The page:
Council House 2 - Offices. Spot the five sources of light....

 However for the past decade UK lighting codes and standards have recommended not ‘general’ but ‘task’ lighting. The significance of this change has either been ignored or gone largely un-noticed as the illumination values were basically the same. The new concept recognised that the main critical visual task is only carried out over a small part of the total floor area. The rest of the space is used for circulation, storage, filing and similar activities all of which are less demanding in terms of illumination. Lighting the whole area to the highest illumination required can use about a third more energy than matching the illumination to the different activities.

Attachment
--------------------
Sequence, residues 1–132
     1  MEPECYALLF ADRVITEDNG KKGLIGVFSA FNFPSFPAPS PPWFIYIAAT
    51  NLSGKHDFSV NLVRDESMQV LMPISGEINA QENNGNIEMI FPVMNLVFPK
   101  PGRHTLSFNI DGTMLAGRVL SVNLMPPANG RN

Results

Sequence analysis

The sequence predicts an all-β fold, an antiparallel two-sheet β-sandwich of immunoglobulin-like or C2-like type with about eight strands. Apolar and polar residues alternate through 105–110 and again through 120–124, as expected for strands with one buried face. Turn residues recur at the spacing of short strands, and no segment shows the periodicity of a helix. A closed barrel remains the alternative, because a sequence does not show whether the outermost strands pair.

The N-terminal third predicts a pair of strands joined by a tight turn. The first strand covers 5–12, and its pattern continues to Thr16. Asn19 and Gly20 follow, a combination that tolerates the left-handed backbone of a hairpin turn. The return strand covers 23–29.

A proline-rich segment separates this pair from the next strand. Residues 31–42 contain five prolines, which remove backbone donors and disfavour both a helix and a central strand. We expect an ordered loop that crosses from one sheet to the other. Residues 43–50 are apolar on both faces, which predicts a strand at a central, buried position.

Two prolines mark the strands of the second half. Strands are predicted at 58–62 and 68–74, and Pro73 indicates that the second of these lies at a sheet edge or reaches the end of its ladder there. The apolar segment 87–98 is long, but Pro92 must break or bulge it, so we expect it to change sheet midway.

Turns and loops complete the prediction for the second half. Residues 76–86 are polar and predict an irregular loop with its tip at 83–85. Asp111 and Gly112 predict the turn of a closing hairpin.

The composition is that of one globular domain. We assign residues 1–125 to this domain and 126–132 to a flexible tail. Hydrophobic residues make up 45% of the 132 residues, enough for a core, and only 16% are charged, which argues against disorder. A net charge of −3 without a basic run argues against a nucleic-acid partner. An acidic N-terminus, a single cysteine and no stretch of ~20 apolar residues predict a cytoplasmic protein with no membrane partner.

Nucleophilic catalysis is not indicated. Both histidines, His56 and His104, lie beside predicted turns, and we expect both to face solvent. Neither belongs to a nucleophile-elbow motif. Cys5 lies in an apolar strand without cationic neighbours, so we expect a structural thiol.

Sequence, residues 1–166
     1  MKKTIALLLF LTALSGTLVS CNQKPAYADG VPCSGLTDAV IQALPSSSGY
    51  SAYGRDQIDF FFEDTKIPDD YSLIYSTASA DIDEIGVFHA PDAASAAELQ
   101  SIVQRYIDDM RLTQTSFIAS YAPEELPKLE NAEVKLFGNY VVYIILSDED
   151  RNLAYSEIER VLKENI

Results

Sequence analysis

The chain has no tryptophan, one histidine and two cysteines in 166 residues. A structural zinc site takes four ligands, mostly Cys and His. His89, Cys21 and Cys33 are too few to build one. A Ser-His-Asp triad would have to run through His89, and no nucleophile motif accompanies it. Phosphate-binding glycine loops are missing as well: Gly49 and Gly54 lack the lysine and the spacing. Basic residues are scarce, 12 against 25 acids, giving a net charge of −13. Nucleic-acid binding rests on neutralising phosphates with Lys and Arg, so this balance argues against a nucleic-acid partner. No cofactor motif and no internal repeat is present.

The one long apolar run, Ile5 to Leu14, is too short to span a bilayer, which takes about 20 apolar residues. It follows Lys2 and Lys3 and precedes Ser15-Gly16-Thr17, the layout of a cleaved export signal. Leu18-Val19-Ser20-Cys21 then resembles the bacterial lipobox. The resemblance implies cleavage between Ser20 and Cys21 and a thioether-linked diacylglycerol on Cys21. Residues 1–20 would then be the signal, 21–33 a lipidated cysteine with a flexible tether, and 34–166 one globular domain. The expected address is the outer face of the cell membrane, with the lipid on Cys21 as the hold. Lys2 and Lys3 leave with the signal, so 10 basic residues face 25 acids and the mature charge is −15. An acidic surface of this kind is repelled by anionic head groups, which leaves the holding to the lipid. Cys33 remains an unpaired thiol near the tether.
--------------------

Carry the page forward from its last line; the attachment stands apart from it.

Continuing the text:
Energy costs are continuing to rise and therefore providing the right amount of light only where it is needed is beneficial both economically and environmentally. Also variation in illumination can make the space visually more interesting than overall uniformity. Normally the reason for still providing ‘general’ illumination is because the building is a speculative development and there is no client to determine the furniture layout, or simply that the layout has not been decided yet. I think potential tenants need to be aware that for lighting to be visually efficient the equipment should be electrically efficient and the lighting design should suit the activities across the space. Providing light where and when it is not needed is inefficient regardless of lumens per watt performance of the luminaires.